All this spells the potential for big yardage through the air for the Lions. The Raiders secondary – especially cornerback – is one of the question marks on this team and there are few stiffer tests than the aerial assault of the Detroit Lions. This matchup should tell us a little something about where the Raiders pass coverage will be come opening night.

The Lions defense has also played well this preseason, as their first and second units have yet to give up a touchdown. Ndamukong Suh, Cliff Avril and the boys are steadily pressuring the pocket, and teams have found little room to run on the first and second units. Their backups have struggled, but that’s not really pertinent; they are marginal players clinging to roster spots and some will be gone after this game.

The Raiders offense has not played well this preaseason, with the exception of Darren McFadden. McFadden has been solid, decisive, and explosive when running or catching the ball – though he needs work on his sideline toe-taps – and it’s only health that will stop him from dominating this season.

Carson Palmer, on the other hand, is clearly struggling with the new offense. Though Palmer shrugged his performance off as basically the cost of doing business in the preseason – intentionally throwing into tight windows, testing receivers repeatedly, doing things you wouldn’t in the regular season – his track record of throwing interceptions the last two regular seasons says otherwise.

The Raiders are installing a skeletal game plan this weekend with the goal of mocking a regular season week as best as possible without giving away too much too soon. As such, Palmer will be leading what will resemble, as closely as possible in the preseason, the real Raider starting offense – less a couple of receivers in Jacoby Ford and Denarius Moore and a center in Stefan Wisniewski who are all injured – against a bona fide NFL defense.

This performance, more than anything else since the end of last season, will speak to Palmer’s readiness to lead this team going forward, and if it’s anything resembling his first two without some significant improvement, then it will be time to worry in Oakland.

He’s had viable explanations for his struggles, but frankly talk is cheap and Palmer has to produce this weekend or the concerns that can be sloughed off as preseason bugs and acclimating to new coaching and terminology will begin to become very much reality. No more will claims of learning the offense or testing things in the preseason be tolerated; Palmer simply must produce this game or lose the confidence of those in Raider Nation not already there, and possibly his teammates as well.

If Palmer struggles and Matt Leinart - who has a sliced up right (non-throwing hand) index finger but will play just the same against Detroit - lights it up, especially this being the third preseason game and the biggest indicator of potential regular season success, then the cries for Leinart to start that are currently just whispers in the wind, will grow cacophonous, and begin to gain very real traction amongst fans.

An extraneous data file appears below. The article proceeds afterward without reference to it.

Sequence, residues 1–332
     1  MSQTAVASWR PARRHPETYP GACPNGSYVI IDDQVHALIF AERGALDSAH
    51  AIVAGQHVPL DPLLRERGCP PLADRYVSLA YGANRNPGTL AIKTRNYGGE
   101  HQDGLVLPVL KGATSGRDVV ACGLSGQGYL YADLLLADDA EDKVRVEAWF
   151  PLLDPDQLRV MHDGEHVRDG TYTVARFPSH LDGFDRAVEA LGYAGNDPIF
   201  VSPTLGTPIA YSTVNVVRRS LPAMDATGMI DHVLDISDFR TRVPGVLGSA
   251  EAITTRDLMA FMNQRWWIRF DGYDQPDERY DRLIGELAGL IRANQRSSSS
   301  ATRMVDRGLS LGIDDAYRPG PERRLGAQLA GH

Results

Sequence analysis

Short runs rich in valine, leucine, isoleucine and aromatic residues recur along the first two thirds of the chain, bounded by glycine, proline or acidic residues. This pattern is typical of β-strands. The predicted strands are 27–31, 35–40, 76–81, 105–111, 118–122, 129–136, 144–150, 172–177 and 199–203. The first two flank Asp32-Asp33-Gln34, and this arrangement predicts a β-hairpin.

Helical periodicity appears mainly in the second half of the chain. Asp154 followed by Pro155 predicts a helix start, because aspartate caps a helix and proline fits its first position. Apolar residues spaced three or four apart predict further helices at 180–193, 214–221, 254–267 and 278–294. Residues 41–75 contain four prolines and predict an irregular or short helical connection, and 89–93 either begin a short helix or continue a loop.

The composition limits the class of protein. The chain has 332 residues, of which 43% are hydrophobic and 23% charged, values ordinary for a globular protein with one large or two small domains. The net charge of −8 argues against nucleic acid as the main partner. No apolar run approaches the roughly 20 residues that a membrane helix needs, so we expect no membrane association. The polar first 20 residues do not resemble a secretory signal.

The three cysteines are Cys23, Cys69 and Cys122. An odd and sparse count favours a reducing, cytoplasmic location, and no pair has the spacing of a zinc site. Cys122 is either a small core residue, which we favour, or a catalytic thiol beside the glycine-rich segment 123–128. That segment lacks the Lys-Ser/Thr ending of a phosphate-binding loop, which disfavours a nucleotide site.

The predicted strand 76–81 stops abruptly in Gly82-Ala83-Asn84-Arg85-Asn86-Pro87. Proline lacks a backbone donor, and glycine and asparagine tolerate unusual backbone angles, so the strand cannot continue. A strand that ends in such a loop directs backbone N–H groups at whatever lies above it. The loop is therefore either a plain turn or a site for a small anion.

Dennis Allen is insistent that he’s not worried about Palmer and makes the same “it’s preseason, he’s trying things, blah blah” statements when asked about the struggles of his quarterback. But the bottom line is that Allen has also emphasized that this week is paramount in determining where they are at as a team, and that his very real want is for them to acclimate to a regular season atmosphere and carry that over onto the field.

That being the case, struggles from Palmer will have to become a real concern.

The Raiders will also be looking to suss out a backup for McFadden. Mike Goodson, acquired from the Panthers for combine star Bruce Campbell, looked good in camp and awful when the lights came on. He fumbled twice, and when he didn’t fumble he looked tentative and didn’t gain much traction at all.

/articleimages/taiwan-jones-2.jpgTaiwan Jones, he of the blazing speed akin to the Loch Ness monster, (nobody’s actually seen it, they just hear it whispered in legends) has yet to find the field as he has had hamstring issues. He’s healthy, and should return this weekend to hopefully give a sense of what the Raiders can do when McFadden sits down. Because as of right now, it’s not very much.

This is the third preseason game, traditionally the game in which every team puts forth their most regular-season like lineup, gameplan, and effort before shutting it down for the last game. The Raiders are no different, and the way they play, especially in the passing game – both in defensive coverage and on the offensive side of the ball – will go a long way to either causing or alleviating some major concerns about this team.